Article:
Roast Level: Light
Process: Natural process and dried on raised beds
Crisp acidity and endless blueberries.
V60 Pour Over / Cupping
Blueberry blueberry blueberry!
Farm: Various Smallholder Farmers delivering to Adado washing station
Grown: Yirga Cheffee Gedeo
Varietals: Various Ethiopian Heirloom Varietals
Average farm size: Less than 1 hectare
This Adado Coffee comes from the Gedeo zone, and is named after the local tribe "Adado". The region is comprised of 7000 farmers, contributing to 8 Mills and exports 20-30 containers annually.
Adado is a favourite micro region of Yirga Cheffe. Stone fruit, and lots of it, is the predominant flavour profile of this area. The natural process of these lots really complement the typical profile of the washed coffee beautifully. One of the great things about Ethiopian coffees is the complete mix of varietals. It is estimated that somewhere between six thousand and ten thousand varietals exist naturally in these highlands, the origin of coffee - The cross pollination of genetics is totally amazing.
The soil is pH 5.2 – 6.2, red brown fertile clay that drains well, depth of over 1.5m. Ripe cherries are then delivered to mill, where cherries are graded and then placed onto raised drying beds in thin layers and turned every 2-3 hours in the first few days, to avoid over-fermentation and mould growth. 6-8 weeks later, depending on weather and temperature, the beans are de-hulled. The beans are then transported to Addis in parchment, and then milled prior to shipping.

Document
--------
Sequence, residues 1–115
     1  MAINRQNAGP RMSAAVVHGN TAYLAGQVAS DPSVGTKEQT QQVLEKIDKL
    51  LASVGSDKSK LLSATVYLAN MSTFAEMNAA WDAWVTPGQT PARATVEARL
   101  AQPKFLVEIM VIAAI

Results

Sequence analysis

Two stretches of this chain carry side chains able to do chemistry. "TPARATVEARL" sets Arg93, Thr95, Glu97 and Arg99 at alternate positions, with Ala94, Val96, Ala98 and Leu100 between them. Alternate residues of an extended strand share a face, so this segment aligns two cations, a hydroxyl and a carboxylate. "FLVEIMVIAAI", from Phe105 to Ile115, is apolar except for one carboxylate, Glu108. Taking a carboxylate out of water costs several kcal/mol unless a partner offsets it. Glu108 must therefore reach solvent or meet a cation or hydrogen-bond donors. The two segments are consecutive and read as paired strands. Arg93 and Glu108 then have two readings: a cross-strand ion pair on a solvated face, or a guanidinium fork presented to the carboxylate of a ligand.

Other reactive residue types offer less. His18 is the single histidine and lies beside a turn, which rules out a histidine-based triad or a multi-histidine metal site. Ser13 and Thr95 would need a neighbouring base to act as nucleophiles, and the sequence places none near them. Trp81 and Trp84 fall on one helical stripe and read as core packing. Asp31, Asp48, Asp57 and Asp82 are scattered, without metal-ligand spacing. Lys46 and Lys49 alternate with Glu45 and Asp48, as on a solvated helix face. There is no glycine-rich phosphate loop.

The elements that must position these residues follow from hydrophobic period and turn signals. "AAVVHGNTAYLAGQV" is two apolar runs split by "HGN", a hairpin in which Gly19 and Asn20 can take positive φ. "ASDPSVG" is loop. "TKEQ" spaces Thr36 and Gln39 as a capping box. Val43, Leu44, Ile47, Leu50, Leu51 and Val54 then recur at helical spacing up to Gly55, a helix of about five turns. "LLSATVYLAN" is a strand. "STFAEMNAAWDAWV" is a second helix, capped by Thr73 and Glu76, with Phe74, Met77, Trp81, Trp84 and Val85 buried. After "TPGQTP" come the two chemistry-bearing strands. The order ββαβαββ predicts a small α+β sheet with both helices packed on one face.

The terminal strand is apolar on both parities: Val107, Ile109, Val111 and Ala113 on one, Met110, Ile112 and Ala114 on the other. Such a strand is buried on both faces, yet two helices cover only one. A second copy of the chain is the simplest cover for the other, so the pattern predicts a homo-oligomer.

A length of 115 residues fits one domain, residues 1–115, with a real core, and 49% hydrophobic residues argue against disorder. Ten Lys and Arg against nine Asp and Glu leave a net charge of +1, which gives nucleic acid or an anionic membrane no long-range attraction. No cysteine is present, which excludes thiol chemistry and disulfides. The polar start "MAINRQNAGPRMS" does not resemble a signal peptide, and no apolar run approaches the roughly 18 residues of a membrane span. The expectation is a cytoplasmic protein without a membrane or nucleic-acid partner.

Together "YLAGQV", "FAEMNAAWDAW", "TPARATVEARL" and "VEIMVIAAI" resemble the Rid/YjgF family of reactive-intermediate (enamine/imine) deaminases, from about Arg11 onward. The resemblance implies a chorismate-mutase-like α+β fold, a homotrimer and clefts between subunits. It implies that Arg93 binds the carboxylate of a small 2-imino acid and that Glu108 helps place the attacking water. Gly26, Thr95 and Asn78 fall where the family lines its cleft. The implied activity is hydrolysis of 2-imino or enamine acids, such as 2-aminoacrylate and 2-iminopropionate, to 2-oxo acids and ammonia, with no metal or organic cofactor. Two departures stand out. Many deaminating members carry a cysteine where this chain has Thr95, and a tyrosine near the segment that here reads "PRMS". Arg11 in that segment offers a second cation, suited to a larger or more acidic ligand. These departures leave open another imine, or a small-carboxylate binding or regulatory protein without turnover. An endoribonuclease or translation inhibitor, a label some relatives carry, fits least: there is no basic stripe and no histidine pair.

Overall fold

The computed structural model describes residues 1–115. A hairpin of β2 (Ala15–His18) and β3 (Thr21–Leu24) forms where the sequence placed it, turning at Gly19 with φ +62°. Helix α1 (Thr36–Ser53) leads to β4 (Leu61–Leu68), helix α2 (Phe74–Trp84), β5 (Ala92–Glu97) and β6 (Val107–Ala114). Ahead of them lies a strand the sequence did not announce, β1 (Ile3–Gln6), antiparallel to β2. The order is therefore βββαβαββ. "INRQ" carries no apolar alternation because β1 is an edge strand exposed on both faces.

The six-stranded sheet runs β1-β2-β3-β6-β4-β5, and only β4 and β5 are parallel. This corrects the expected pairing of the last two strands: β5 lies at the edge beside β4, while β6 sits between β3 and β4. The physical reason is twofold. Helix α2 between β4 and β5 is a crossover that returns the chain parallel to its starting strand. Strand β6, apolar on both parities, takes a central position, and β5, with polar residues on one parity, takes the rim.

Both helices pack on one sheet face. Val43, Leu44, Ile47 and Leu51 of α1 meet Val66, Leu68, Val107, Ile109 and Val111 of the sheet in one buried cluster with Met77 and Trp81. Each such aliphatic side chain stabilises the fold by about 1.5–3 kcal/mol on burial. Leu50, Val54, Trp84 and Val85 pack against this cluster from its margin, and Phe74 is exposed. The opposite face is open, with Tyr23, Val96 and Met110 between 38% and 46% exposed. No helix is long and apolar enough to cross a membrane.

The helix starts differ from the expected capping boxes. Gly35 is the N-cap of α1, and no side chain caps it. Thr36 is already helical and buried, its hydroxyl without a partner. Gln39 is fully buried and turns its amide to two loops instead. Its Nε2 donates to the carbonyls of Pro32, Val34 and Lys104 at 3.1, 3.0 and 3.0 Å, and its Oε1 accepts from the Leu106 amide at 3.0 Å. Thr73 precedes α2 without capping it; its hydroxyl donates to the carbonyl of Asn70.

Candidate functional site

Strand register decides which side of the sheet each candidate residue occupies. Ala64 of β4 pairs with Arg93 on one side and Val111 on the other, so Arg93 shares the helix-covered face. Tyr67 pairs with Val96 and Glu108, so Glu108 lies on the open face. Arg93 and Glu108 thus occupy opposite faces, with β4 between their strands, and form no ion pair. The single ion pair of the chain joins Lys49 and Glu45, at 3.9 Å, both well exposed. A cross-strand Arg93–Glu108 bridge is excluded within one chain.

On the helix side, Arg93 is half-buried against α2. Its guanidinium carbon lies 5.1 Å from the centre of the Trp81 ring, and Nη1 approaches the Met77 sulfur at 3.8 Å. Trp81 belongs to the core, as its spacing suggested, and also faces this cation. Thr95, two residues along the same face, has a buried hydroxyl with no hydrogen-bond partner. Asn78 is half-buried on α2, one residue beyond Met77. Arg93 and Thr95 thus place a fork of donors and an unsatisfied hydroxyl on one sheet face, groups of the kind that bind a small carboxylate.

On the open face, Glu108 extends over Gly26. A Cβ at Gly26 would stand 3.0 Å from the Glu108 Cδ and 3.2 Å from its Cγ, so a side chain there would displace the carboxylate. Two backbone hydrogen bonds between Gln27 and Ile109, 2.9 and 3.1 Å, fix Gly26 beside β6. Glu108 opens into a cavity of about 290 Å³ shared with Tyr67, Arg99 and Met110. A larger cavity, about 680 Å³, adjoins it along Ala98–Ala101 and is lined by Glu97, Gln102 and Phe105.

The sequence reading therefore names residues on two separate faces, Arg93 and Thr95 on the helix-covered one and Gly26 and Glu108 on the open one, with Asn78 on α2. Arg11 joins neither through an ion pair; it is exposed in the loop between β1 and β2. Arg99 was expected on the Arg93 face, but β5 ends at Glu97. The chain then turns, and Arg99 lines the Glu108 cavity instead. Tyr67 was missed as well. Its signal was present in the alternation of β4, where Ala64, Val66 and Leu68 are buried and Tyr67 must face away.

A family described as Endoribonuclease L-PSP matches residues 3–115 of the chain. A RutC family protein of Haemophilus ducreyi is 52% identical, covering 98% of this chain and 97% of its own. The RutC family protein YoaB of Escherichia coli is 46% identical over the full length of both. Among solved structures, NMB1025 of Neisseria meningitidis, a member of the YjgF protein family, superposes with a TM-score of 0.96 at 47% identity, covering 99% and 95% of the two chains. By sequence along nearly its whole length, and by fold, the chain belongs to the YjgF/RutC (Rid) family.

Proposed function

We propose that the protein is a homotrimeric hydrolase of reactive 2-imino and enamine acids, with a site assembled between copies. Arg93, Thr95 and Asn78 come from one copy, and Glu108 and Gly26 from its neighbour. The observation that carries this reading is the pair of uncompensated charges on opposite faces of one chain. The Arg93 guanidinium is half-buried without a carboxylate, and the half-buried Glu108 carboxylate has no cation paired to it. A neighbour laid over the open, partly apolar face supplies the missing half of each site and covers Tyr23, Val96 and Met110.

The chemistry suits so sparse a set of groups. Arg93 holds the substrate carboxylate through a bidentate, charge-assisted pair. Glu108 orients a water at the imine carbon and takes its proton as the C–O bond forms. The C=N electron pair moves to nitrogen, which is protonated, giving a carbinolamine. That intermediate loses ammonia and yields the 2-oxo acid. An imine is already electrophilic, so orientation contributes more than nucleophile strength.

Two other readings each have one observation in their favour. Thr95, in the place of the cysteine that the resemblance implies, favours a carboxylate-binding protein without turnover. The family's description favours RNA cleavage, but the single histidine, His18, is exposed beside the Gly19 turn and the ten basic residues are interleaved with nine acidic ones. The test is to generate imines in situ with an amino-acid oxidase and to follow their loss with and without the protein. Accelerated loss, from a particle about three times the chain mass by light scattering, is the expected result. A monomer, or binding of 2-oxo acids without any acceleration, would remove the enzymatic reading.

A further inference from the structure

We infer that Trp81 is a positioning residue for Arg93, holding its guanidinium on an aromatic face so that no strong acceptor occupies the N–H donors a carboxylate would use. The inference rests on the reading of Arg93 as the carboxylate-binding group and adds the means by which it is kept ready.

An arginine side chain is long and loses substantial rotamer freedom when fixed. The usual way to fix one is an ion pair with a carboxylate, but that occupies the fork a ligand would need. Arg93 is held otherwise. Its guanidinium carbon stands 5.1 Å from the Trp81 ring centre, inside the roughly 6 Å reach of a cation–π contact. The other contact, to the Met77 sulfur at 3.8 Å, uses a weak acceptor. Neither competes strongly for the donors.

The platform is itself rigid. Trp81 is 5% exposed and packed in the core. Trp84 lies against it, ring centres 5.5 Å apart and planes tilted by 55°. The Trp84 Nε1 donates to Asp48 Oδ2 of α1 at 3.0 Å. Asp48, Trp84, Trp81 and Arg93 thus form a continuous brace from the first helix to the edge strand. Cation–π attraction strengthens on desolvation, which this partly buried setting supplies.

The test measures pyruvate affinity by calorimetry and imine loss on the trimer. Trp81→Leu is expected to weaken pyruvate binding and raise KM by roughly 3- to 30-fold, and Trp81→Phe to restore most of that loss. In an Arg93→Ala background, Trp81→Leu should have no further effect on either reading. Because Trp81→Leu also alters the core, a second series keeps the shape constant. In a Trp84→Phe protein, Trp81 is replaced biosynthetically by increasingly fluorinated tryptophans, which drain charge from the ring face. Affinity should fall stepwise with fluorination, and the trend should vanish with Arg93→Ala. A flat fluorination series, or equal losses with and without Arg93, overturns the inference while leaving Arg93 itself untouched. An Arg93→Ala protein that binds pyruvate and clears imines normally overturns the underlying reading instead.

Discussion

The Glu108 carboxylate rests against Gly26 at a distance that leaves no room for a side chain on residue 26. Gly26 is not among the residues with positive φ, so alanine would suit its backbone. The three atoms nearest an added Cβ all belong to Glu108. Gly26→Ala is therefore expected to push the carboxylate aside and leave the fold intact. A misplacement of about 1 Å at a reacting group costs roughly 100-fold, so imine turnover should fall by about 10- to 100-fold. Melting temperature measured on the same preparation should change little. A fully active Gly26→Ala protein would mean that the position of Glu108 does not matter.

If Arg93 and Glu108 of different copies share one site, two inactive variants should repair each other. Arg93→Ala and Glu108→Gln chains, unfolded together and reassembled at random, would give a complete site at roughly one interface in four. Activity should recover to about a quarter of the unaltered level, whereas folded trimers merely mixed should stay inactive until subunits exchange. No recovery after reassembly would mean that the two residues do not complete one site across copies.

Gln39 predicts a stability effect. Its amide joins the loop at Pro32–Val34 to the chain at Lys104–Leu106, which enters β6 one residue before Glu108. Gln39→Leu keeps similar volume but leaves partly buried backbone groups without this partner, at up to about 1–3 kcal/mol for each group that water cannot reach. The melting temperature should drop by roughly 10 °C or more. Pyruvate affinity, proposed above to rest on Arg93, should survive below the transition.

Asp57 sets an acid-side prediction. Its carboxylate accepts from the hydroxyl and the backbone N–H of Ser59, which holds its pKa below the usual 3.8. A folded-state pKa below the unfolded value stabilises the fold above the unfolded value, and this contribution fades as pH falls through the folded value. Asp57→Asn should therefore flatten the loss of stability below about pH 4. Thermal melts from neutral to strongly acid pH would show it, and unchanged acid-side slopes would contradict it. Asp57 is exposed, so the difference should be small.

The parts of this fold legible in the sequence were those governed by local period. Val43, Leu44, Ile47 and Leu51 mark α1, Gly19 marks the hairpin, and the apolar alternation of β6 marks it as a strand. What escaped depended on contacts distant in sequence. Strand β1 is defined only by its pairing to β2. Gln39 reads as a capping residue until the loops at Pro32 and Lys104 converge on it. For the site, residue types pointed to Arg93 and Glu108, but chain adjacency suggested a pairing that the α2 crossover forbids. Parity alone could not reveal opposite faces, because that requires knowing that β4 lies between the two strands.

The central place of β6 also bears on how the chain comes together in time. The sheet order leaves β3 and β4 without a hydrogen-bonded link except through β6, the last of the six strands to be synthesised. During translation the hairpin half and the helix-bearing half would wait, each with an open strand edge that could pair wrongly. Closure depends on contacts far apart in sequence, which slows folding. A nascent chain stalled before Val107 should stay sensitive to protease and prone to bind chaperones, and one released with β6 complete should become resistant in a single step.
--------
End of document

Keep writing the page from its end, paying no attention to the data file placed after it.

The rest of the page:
Ethiopian Commodity Exchange (ECX)
The ECX was started in 2008 to help protect farmers from market forces that might prevent them from making a living. Most of the coffee in Ethiopia is produced by small-holders who own 0.7 hectares, bumper crops often lead to big price drops, which can make it unprofitable for farmers to harvest their coffee. What the ECX does is commoditize grains- including sesame, beans, maize, wheat, and most importantly, coffee. This ensures prompt payment to farmers. It also integrates all parts of the “eco-system” involved in a grains market, including warehousing, grading, trading, and payment. Access to information is emphasized, as farmers can obtain information about trading prices and local delivery points easily through dedicated telephone lines.
Here is a general rundown of how the ECX chain works in Ethiopia:
While this system does ensure prompt payment and streamlines supply chain issues, it removes essentially all traceability from the coffee. This is problematic in the specialty world, where traceability is paramount.
The ECX does not allow for complete traceability, but coffee cooperatives in Ethiopia do have the ability to go around the ECX and export the coffee themselves. Coffees that are exported by a cooperative can have traceability, possibly even to a single farmer.
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